The present invention is similar to that of Canadian Pat. No. 998,624 in that it utilizes the lower specific gravity of the oil to achieve separation. However, the present invention permits a controlled flow of oil/water mixture to a recovery unit, not being dependent on wave action; does not require a separate ship or barge to carry a holding tank; and reduces the chance of emulsification of the oil, permitting more efficient recovery thereof.
The present invention utilizes a collection unit which very simply entails a vertically oriented retaining wall of generally U-shape which funnels the oil/water mixture from the mouth thereof as it is towed through the water to a concentration area defined by the wall. A recovery unit is towed by the collection unit and entails a vertically oriented open ended cylinder having portions above and below the water surface. A conduit leads from below the concentration area and exits into the lower portion of the cylinder, below the water surface, the conduit being oriented to induce a circular flow within the cylinder. A pump in the conduit draws the oil/water mixture from the concentration area and pumps it to the cylinder. In the cylinder the oil floats to and accumulates on the surface of the water therein and uncontaminated water is forced out of the open lower end of the cylinder. Proto-types of the invention have shown that there is very little emulsification of the oil and hence almost 100% recovery of oil from the oil/water mixture passed therethrough. There is control of the amount of oil/water mixture passed through the apparatus and of course there is control of the passage of the apparatus through the oil spill as the apparatus may be towed by an oil spill containment boom and the boats deploying it. Once the cylinder is full it may be replaced by an "empty" recovery unit or it may be emptied into any suitable larger receptacle as might be contained in, for example, a tanker ship or barge.
Broadly speaking therefore the present invention may be seen as providing a method of recovering oil from the surface of a body of water including the steps of: (a) moving apparatus comprising a collection unit defining a concentration area therein, a recovery unit having a vertically oriented open ended cylinder mounted therein with upper and lower portions extending above and below the water surface respectively, and a submerged pumping unit including a pump-containing conduit leading from the concentration area to an opening in the lower portion of the cylinder, through the oil contaminated water; (b) operating the pump to draw an oil/water mixture from the concentration area into the conduit; (c) continuing operation of the pump to force the oil/water mixture through the conduit and into the cylinder; and (d) flowing the oil/water mixture generally tangentially into the cylinder below the water surface whereby oil from the mixture will rise to and accumulate on the surface of water within the cylinder and uncontaminated water will flow downwardly through the lower open end of the cylinder.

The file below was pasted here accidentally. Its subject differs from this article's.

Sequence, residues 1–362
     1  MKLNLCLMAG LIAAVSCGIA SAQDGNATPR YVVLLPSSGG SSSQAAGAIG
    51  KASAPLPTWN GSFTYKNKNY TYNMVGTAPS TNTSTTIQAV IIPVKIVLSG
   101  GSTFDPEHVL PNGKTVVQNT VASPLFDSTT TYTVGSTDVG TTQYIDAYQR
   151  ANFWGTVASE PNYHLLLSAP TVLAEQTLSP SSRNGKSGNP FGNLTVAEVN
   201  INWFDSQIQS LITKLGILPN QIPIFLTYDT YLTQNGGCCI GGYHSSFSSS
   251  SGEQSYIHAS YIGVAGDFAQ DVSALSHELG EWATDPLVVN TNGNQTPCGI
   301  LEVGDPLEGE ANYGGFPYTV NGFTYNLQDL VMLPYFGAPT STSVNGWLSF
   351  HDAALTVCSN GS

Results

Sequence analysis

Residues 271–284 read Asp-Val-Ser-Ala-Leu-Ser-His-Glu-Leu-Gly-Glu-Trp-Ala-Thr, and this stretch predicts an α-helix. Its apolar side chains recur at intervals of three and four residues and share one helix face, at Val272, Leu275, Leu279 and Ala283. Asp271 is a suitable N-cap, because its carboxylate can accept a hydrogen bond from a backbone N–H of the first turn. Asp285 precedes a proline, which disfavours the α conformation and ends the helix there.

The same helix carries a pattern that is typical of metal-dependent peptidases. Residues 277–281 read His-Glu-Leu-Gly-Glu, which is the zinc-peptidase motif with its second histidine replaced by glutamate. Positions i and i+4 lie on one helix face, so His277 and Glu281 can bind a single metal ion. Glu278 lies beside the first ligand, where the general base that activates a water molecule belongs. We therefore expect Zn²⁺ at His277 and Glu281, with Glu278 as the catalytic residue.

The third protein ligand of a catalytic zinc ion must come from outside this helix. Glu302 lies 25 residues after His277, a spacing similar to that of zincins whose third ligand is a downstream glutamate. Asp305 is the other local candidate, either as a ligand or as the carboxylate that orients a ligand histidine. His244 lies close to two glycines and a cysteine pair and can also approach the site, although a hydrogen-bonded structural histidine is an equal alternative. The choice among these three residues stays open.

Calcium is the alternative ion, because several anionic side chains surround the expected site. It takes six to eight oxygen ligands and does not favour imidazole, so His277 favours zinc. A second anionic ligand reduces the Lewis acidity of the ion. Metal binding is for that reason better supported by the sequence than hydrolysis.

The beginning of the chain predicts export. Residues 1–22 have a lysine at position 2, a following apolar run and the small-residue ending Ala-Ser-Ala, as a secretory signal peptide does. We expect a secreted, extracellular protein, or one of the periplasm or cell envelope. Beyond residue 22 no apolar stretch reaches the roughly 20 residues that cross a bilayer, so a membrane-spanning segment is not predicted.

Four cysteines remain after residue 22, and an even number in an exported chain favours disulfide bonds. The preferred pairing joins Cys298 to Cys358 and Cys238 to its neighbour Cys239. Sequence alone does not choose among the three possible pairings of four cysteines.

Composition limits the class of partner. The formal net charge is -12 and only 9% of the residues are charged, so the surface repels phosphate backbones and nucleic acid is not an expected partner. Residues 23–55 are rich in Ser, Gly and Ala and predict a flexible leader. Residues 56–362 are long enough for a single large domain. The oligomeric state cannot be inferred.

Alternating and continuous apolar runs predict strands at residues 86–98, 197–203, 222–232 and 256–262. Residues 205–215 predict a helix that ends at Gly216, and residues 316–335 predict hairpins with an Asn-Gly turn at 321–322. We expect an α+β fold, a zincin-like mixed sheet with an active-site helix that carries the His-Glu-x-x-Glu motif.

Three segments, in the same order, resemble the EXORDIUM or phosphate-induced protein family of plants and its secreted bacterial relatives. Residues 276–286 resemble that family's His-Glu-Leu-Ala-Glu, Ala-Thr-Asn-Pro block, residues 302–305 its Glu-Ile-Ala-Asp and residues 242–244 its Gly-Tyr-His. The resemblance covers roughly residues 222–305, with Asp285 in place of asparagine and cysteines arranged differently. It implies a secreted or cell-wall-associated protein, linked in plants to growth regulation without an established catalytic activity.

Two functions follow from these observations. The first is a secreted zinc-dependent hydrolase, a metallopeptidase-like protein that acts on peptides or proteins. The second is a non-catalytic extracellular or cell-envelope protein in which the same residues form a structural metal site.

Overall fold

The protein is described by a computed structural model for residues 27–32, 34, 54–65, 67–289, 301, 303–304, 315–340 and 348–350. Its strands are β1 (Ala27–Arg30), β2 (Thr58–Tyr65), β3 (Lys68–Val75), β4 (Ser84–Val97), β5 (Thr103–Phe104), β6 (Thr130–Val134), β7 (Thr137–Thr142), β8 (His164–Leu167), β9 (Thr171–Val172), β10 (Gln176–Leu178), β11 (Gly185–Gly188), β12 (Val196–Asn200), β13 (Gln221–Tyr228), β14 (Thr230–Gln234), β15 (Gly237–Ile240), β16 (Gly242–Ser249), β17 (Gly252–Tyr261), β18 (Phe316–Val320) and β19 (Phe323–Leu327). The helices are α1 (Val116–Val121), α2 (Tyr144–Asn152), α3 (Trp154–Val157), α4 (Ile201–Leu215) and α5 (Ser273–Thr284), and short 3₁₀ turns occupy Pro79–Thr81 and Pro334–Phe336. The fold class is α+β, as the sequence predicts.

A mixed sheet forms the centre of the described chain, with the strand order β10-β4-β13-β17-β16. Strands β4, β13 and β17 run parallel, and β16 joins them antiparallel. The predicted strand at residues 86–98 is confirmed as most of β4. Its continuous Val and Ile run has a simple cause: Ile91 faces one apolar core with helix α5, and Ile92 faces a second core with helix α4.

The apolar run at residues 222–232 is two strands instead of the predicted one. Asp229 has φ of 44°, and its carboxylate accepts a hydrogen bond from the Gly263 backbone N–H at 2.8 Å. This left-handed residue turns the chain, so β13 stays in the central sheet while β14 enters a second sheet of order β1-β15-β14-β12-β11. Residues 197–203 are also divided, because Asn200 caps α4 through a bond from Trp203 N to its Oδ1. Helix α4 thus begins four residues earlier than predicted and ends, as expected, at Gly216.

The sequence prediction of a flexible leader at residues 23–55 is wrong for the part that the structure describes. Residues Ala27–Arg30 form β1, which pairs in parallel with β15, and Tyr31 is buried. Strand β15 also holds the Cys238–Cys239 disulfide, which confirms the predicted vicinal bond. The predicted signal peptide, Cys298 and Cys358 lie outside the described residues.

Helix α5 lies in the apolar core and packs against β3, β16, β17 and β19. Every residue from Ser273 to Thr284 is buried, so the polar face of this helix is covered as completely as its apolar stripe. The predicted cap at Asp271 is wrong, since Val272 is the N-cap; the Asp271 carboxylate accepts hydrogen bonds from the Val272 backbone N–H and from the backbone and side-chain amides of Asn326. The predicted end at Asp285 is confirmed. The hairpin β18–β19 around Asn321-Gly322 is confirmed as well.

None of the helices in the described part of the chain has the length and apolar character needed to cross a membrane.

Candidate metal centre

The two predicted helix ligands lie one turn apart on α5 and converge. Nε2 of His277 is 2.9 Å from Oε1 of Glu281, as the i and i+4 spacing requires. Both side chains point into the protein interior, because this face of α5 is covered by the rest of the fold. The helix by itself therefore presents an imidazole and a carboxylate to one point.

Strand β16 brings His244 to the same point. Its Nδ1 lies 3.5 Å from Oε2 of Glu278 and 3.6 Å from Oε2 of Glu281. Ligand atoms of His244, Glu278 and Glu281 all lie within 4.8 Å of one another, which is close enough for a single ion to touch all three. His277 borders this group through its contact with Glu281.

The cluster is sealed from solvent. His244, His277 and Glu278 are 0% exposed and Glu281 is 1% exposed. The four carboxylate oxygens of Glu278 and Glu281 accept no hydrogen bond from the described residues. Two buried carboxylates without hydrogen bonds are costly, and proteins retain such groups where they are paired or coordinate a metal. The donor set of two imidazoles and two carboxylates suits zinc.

The above method may be effectively carried out in accordance with the present invention by way of apparatus for recovering oil from the surface of a body of water comprising a collection unit, a pumping unit and a recovery unit, the collection unit including means for deflecting an oil/water mixture into a concentration area therein, the recovery unit including generally vertically oriented open ended holding means having a lower submerged portion, and the pumping means including submerged conduit means leading from the concentration area to an opening in the submerged portion of the holding means and containing pump means therein operable to continuously draw a quantity of the oil/water mixture from the concentration area and to feed the quantity through the conduit means to the holding means, whereat oil floats to and accumulates on the surface of water in the holding means and uncontaminated water exits from the open lower portion of the holding means.
FIG. 1 is an elevation, partly in cross-section of an oil spill recovery apparatus of the present invention.
FIG. 2 is a plan view of the apparatus depicted in claim 1.
The oil recovery system of the recovery invention is designated by the reference number 10 and it includes three basic components, namely a collection unit 12, a recovery unit 14 and a pumping unit 16. The collection unit 12 is connected via the pumping unit 16, to the recovery unit 14.
The collection unit 12 will be described first of a11 with reference to both figures of the drawings. A retaining wall 18 is shown as being vertically oriented and as extending above and below the water line W. The retaining wall has a generally U-shape and is made up of a pair of opposed side walls 20 which may be parallel to each other or may diverge outwardly from the curved wall 22 which connects the walls together along one vertical edge thereof. The opposite vertical edges of the walls 20 define therebetween an open mouth area M which is spanned by a coarse mesh screen 24 which has upper and lower portions above and below the water line respectively to inhibit the entry of debris into the collection unit while still permitting the oil on the water to pass into the collection unit. At the water surface and generally in the vicinity of the center of curvature for the curvcd end wall 22 is a concentration area C, the significance of which will become more readily apparent hereinbelow.
A flotation boom 26 extends along the outer surface of the retaining wall 20 and is intended to maintain the retaining wall in its preferred orientation as discussed above. The flotation boom is generally rectangular in cross-section and may take the form of a metal casing containing flotation material such as an expanded cellular foam. By using a metal casing to contain the flotation material it is possible to attach other elements to the boom 26 and the flotation boom adds structural rigidity to the collection unit.